Obtaining soil is not overly complex: apply good compost, which is organic matter that has been fully decomposed by bacteria and fungi. This acts as an inoculant to repopulate your soil with the organisms to build a healhty food web. Depending on your situation (and physical ability), compost may be difficult to make; compost can be purchased, but quality material is expensive, so apply where it is most needed, such as around vegetables or prized ornamentals.

Compost-making requires another article (and a certain amount of work), but the reduction in chemical use and increase in plant health is worth it. Help your soil organisms along by looking into composting at <sacmg.ucanr.edu/Composting>. If nothing else, switch to organic fertilizers and leave non-diseased detritus (or organic mulch such as bark)  on the soil surface to feed soil organisms and recycle nutrients whenever possible.

If you have a gardening related question you can contact the UC Master Gardeners at 209-953-6112. More information can be found on our website: sjmastergardeners.ucanr.edu.

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Time for seed searching.

A newspaper mulch for onions keeps winter weeds at bay. Lee Miller photo

These past few days the plant and seed catalogues are starting to arrive to remind us that spring is just around the corner. With all the rain lately it is not timely to be in the garden. Walking on wet soil can cause soil compaction, so it is a good time to stay inside. That said, I did have the foresight or perhaps good luck to spread wood chips in the walkway between Dahlia rows before the rains were heavy. Hence, I was able to get out between storms and dig Dahlia tubers because the wood chips kept mud at bay. I am also glad I planted my garlic and onions through repurposed Records which keeps down the weeds during the winter. It is difficult to be weeding in this weather and the weeds are thriving with the rain.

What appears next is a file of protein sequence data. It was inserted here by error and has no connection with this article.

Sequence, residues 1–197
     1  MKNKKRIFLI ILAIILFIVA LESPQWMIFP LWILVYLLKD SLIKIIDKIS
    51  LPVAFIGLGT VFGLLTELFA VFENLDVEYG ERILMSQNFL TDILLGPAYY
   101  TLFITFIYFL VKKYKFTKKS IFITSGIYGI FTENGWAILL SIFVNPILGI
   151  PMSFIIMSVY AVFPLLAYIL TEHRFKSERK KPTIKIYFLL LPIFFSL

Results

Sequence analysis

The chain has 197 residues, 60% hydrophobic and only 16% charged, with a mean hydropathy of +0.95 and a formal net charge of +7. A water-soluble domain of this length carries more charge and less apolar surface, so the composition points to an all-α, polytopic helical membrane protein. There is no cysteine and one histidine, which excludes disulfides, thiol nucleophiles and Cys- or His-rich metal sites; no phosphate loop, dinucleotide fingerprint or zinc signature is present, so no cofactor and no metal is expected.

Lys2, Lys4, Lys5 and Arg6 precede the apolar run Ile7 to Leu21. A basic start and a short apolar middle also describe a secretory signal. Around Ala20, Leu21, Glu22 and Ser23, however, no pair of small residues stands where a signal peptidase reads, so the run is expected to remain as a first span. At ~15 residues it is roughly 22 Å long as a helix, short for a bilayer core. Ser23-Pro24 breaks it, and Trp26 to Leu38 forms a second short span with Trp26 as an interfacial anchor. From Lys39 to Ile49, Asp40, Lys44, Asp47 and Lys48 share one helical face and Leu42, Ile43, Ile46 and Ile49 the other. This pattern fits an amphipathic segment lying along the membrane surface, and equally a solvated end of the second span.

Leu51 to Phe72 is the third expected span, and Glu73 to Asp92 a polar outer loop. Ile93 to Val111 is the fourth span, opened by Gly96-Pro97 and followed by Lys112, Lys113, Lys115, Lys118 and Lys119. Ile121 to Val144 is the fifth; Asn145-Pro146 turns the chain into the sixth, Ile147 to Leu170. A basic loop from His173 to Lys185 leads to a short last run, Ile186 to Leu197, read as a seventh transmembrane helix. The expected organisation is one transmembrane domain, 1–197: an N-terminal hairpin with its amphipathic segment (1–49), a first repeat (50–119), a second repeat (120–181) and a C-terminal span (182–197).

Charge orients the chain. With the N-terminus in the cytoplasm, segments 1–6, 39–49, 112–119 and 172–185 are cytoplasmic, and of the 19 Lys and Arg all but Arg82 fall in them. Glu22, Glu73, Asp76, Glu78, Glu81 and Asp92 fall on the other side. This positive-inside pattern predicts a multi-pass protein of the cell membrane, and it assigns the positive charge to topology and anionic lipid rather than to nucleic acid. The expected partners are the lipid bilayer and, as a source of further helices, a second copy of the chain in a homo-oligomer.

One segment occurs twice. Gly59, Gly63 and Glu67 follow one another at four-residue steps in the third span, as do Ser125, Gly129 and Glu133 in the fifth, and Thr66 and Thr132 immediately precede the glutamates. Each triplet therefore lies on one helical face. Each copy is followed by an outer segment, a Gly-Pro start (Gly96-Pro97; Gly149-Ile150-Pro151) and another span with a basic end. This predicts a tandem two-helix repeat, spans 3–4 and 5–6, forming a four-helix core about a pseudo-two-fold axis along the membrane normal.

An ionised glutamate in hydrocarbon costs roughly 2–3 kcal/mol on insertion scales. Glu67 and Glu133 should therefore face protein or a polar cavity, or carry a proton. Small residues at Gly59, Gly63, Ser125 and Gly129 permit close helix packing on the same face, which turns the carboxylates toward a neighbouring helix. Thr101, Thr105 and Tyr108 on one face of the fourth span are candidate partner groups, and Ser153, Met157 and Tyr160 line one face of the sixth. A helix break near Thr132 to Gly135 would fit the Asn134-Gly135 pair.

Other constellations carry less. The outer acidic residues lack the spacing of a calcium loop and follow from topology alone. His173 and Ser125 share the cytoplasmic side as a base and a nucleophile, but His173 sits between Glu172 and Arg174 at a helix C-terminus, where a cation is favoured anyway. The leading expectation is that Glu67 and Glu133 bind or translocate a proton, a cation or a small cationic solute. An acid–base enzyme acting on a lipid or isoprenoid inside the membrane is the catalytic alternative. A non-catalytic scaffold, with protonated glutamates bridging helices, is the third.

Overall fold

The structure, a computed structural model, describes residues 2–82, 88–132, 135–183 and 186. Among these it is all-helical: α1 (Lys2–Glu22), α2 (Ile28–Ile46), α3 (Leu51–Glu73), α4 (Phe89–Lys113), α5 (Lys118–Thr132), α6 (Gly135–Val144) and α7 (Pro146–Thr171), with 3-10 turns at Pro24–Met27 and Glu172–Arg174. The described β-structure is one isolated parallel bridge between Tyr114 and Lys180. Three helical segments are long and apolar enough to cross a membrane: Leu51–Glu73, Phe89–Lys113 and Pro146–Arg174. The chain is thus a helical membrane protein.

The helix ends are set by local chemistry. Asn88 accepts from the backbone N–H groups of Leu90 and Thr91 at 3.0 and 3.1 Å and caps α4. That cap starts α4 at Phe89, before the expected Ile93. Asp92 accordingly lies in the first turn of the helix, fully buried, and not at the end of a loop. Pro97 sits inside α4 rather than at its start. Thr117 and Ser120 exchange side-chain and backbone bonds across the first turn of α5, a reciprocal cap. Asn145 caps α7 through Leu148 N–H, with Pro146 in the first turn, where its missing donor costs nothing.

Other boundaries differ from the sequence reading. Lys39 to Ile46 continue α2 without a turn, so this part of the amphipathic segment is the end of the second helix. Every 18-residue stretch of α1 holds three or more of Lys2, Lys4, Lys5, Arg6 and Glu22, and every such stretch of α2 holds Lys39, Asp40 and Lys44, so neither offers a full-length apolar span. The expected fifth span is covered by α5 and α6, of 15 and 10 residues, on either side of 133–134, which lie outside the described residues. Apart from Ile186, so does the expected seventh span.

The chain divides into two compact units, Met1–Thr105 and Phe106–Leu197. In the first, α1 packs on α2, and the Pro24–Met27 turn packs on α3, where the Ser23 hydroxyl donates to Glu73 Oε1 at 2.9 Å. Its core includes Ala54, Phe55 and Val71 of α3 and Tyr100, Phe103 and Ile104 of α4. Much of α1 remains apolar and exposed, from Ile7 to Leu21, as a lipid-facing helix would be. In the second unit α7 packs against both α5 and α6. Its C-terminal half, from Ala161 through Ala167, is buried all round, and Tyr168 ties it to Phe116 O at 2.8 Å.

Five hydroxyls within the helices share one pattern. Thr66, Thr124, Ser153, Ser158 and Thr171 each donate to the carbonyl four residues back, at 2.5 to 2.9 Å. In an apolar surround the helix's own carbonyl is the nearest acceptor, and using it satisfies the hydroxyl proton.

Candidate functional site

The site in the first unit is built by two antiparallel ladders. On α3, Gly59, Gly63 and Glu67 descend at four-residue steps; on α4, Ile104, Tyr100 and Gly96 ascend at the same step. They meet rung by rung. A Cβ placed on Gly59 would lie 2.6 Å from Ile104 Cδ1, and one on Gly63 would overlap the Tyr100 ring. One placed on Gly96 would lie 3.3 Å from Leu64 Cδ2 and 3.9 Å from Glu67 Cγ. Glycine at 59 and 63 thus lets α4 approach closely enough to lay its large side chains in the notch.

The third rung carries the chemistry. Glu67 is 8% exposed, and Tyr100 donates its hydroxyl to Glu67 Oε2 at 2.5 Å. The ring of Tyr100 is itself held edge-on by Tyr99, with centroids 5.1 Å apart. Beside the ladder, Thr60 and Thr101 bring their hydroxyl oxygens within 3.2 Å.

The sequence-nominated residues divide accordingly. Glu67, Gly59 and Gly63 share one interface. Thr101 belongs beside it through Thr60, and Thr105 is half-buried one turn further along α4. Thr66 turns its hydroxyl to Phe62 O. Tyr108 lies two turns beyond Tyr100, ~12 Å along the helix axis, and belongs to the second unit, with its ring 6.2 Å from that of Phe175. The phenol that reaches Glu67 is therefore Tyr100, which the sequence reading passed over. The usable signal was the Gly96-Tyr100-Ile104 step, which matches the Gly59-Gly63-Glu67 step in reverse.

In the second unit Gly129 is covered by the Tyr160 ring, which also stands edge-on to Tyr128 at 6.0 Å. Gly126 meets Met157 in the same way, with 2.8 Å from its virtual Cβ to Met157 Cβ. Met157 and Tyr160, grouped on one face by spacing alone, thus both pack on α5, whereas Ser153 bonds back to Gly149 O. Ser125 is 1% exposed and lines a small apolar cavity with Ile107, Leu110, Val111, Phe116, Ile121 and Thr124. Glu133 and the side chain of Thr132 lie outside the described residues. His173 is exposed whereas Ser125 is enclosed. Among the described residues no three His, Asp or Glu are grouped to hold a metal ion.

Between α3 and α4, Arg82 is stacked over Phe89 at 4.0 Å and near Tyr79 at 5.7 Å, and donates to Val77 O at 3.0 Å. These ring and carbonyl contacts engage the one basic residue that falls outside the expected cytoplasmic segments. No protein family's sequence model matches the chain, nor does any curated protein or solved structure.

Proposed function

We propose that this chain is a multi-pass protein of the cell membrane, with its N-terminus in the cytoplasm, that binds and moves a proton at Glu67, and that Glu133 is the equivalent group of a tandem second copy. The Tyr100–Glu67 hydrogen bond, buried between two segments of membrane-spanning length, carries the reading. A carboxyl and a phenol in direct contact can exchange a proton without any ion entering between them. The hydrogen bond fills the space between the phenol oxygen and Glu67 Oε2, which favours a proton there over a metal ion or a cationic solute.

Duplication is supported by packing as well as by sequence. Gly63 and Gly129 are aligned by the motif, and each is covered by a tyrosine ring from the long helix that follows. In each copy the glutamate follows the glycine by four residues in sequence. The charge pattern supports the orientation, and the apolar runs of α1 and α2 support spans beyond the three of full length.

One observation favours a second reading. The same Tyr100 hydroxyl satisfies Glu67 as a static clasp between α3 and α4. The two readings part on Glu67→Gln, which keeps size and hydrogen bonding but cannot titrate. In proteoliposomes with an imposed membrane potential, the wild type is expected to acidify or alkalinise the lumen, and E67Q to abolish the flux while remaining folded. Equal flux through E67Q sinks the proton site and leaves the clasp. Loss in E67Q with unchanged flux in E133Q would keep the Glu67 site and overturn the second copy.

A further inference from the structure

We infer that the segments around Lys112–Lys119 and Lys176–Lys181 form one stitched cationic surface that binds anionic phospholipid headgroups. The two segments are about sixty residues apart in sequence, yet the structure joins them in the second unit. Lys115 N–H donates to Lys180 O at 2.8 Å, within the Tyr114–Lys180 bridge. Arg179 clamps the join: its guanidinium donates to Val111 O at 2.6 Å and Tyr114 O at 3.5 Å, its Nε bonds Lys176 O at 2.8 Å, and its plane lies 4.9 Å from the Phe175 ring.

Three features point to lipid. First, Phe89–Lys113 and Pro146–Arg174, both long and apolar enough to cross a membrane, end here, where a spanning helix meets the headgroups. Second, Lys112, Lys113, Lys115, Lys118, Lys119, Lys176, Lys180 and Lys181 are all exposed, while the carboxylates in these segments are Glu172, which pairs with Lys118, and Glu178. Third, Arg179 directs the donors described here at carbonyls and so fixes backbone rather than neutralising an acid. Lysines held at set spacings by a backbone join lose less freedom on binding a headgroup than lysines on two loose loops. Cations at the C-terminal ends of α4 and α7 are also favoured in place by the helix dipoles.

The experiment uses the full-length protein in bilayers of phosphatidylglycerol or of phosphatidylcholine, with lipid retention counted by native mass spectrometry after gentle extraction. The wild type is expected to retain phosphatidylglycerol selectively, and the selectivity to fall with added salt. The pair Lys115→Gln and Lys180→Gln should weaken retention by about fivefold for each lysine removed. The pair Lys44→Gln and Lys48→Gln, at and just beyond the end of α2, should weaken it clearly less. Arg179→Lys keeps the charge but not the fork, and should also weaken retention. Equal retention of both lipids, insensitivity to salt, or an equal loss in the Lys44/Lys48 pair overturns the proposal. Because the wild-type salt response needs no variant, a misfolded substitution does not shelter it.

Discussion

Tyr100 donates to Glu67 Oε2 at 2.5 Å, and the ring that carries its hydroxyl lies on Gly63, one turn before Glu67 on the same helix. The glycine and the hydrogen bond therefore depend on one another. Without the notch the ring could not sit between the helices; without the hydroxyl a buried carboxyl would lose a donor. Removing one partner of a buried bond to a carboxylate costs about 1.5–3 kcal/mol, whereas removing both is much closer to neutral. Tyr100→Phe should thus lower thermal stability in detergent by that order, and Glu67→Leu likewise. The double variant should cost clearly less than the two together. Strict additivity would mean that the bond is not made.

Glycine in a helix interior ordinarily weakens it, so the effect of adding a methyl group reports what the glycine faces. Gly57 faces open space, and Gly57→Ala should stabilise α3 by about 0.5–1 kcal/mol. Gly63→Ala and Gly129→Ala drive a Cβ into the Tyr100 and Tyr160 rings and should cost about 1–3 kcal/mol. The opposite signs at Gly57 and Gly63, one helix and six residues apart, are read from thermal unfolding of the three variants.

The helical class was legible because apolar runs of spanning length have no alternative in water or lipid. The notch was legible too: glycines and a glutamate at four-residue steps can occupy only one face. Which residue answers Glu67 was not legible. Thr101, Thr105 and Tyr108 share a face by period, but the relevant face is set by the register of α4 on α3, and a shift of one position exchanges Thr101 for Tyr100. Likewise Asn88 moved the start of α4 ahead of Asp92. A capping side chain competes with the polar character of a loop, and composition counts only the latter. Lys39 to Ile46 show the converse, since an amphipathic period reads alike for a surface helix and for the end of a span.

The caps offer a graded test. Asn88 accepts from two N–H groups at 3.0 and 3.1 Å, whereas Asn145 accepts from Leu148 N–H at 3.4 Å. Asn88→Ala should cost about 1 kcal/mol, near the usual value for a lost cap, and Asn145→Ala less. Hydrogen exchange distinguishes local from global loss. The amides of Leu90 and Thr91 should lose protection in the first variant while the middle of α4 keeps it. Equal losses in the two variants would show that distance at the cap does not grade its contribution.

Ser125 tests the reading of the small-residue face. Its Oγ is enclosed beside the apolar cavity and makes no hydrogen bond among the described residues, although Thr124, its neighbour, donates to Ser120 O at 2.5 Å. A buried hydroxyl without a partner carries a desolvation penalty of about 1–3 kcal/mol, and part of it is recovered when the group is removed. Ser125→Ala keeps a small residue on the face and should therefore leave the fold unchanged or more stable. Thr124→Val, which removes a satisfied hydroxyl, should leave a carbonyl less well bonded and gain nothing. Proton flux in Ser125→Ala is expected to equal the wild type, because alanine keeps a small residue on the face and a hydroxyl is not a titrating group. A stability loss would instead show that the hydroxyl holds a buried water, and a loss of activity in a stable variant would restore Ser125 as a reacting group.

It is best to enjoy the rain while perusing some catalogues by the fireside. You can think about new vegetables and old vegetables to try out this coming season. I like to grow tasty heirloom tomatoes and I am always willing to try a few new varieties. One of the catalogues I received recently was from Tomato Growers Supply Co. They offer seeds for about 600 varieties of tomatoes and a few hundred peppers which should be enough to keep trying new tomatoes and pepper varieties for years. They have an on-line catalogue as well at: http://www.tomatogrowers.com/.  I have bought seeds from them in the past and have been satisfied with their seeds.